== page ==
Newt Gingrich told the truth about illegal immigration.
"I don't see how [the] party that says it's the party of the family is going to adopt an immigration policy which destroys families that have been here a quarter century," Gingrich, a staunch conservative and history buff, told the audience at DAR Constitution Hall in Washington. It was yet another GOP primary debate, but this time, Gingrich is leading the polls and not backing down from his long-held views on immigration. "And I'm prepared to take the heat for saying, let's be humane in enforcing the law without giving them citizenship but by finding a way to create legality so that they are not separated from their families."
To be sure, Gingrich alone does not hold the key to solving the country's lingering immigration problem. Furthermore, his position on this complicated issue -- including his advocacy of the red card solution by the Krieble Foundation -- deserves careful study and scrutiny. But compared to the rest of the Republican presidential candidates who stuck to their tired talking points and mouthed indecipherable buzzwords (what, exactly, are "magnets of amnesty"?), Gingrich towered above the field, giving a compassionate rationale for immigration reform.
The former Speaker of the House and long-time Washington insider cited the contributions of immigrants to American society, invoking Albert Einstein and Steve Jobs. He voiced his support for the federal DREAM Act, which would grant a path to legalization to young undocumented immigrants who arrived in the U.S. as minors and seek to complete college and join the military. "I don't see any reason to punish somebody who came here at three years of age, but who wants to serve the United States of America," Gingrich said. He described the reality that many undocumented immigrants, all across the country, have been living in the U.S. for years, if not decades: paying taxes, building families and contributing to their communities. Indeed, undocumented immigrants are an inexorable part of our society. They are integrated in our lives -- in our churches, in our schools. We are here. And we -- and by "we," I mean American citizens and undocumented immigrants -- must deal with the problem head-on and find a sensible solution.
In the weeks leading up to the Iowa caucuses on Jan. 3, all eyes will be on Gingrich, the frontrunner in national polls prior to last night's debate. Will Gingrich's view on immigration cost him his front-runner status? But I would argue that attention must also be paid elsewhere.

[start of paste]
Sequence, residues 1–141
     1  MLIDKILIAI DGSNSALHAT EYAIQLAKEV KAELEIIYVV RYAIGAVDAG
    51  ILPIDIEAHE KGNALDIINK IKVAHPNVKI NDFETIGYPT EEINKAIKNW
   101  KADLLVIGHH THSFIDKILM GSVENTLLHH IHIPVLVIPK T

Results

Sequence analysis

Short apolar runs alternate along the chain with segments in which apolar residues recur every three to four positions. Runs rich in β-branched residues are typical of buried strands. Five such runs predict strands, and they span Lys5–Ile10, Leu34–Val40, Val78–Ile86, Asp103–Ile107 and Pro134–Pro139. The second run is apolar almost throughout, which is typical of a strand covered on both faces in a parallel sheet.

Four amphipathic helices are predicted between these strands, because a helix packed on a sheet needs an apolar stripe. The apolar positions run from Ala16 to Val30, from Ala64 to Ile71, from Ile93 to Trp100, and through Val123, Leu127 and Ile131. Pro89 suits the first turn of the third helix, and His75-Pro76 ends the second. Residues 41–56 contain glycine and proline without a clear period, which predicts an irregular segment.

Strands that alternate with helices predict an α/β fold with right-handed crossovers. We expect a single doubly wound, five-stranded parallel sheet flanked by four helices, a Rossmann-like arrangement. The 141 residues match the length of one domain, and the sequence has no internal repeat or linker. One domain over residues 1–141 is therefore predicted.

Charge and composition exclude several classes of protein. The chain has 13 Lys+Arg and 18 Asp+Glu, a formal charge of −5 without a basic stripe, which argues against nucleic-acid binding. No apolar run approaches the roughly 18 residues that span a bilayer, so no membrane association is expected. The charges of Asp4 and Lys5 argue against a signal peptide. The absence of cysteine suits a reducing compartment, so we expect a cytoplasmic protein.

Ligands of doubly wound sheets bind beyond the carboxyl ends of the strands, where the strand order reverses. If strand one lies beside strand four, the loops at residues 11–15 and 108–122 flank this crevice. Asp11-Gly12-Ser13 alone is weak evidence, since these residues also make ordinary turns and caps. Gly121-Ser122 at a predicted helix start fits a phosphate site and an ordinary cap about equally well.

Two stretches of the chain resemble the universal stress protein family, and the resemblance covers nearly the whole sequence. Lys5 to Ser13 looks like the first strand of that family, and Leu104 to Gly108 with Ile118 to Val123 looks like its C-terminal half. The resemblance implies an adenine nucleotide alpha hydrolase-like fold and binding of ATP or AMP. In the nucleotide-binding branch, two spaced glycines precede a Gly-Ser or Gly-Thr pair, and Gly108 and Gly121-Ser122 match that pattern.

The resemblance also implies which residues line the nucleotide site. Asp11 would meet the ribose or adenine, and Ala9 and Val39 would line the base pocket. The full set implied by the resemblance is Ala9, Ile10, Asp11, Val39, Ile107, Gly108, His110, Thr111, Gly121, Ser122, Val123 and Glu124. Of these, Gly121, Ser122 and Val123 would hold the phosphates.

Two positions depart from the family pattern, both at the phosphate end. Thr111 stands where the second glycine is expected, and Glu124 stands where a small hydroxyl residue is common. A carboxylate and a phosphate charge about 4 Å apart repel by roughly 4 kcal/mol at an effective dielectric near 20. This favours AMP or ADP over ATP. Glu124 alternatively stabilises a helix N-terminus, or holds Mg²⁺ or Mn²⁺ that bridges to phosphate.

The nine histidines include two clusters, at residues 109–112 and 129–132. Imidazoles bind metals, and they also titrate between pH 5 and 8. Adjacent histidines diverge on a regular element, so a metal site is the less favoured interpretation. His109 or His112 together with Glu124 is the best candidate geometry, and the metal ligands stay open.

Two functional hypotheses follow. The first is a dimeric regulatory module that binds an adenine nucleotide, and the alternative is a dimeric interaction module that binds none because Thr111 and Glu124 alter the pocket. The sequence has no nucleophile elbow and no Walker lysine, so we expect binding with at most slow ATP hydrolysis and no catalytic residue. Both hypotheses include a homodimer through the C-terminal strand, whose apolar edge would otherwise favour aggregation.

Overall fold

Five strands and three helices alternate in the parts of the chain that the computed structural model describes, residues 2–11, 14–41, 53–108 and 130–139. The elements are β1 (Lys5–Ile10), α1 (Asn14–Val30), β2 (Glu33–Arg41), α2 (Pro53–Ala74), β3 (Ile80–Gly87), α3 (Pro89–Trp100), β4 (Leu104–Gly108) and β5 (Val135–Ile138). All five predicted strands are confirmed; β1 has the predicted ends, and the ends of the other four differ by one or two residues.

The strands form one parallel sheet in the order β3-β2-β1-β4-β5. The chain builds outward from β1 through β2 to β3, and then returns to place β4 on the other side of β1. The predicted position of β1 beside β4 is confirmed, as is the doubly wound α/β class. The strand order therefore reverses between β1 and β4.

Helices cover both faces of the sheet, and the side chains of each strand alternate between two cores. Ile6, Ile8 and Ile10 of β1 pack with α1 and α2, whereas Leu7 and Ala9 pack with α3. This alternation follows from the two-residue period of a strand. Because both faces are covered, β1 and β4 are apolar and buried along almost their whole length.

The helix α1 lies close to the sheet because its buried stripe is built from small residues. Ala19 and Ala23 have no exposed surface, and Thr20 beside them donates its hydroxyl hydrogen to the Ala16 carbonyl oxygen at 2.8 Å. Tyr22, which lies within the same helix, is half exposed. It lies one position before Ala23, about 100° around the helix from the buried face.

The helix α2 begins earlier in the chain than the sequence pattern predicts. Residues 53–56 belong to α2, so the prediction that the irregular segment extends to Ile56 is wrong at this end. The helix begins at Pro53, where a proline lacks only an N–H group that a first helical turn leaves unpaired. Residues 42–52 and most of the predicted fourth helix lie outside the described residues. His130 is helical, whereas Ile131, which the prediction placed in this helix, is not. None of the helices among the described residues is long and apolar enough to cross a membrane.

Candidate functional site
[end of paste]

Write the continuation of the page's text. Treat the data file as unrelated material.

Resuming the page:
Agree with or not, Gingrich has offered a framework of solutions to our immigration problem. Can Gingrich's opponents, from former Gov. Mitt Romney to Rep. Michelle Bachmann, offer fair, pragmatic solutions instead of reiterating what immigration policies they are against?
If early reports by some of the country's leading news organizations are any indication, Gingrich's stance on immigration has now become his Achilles heel. His "humane" approach, judging by the initial coverage, is now a risk and a liability. Can the mainstream media shed as much light on the immigration issue -- just how integrated are undocumented immigrants in our society, from our schools to our churches? how much taxes have undocumented immigrants paid in the past, say, 4 or 8 years? -- as they will on the who's-up, who's-down horserace coverage of the candidates and their views on the issue?
President Obama has deported more undocumented immigrants -- more than 1 million -- than President Bush did in his two terms combined. Families have been separated under Obama's controversial Secure Communities program. What does President Obama think of Gingrich's call for a more "humane" approach in enforcing the law?
Can we, as a society, have a more honest and humane conversation about immigration?
Last week, Define American launched a Stories platform that is helping drive a more nuance and elevated conversation around immigration. It's not about "amnesty" or "magnets," not about being a Democrat or a Republican. It's about sharing individual stories to get to a more collective understanding of immigration and who we are as Americans. What's your (and your family's) immigration story? How do you define American? I urge Gingrich and the rest of the presidential candidates to share their stories. I urge you to share yours, too.
We cannot solve a problem until we tell the truth about it.
NOTE FROM DEFINE AMERICAN: Are you an avid media consumer who wants to be a part of a crowd-sourcing project that monitors how the media -- from all platforms, national and local -- is reporting on immigration? Do you want to join a small network of reporting fellows who will work with JOSE REPORTS in reporting on immigration? Are you a journalist seeking new ways to report on this issue? Email us at firstname.lastname@example.org.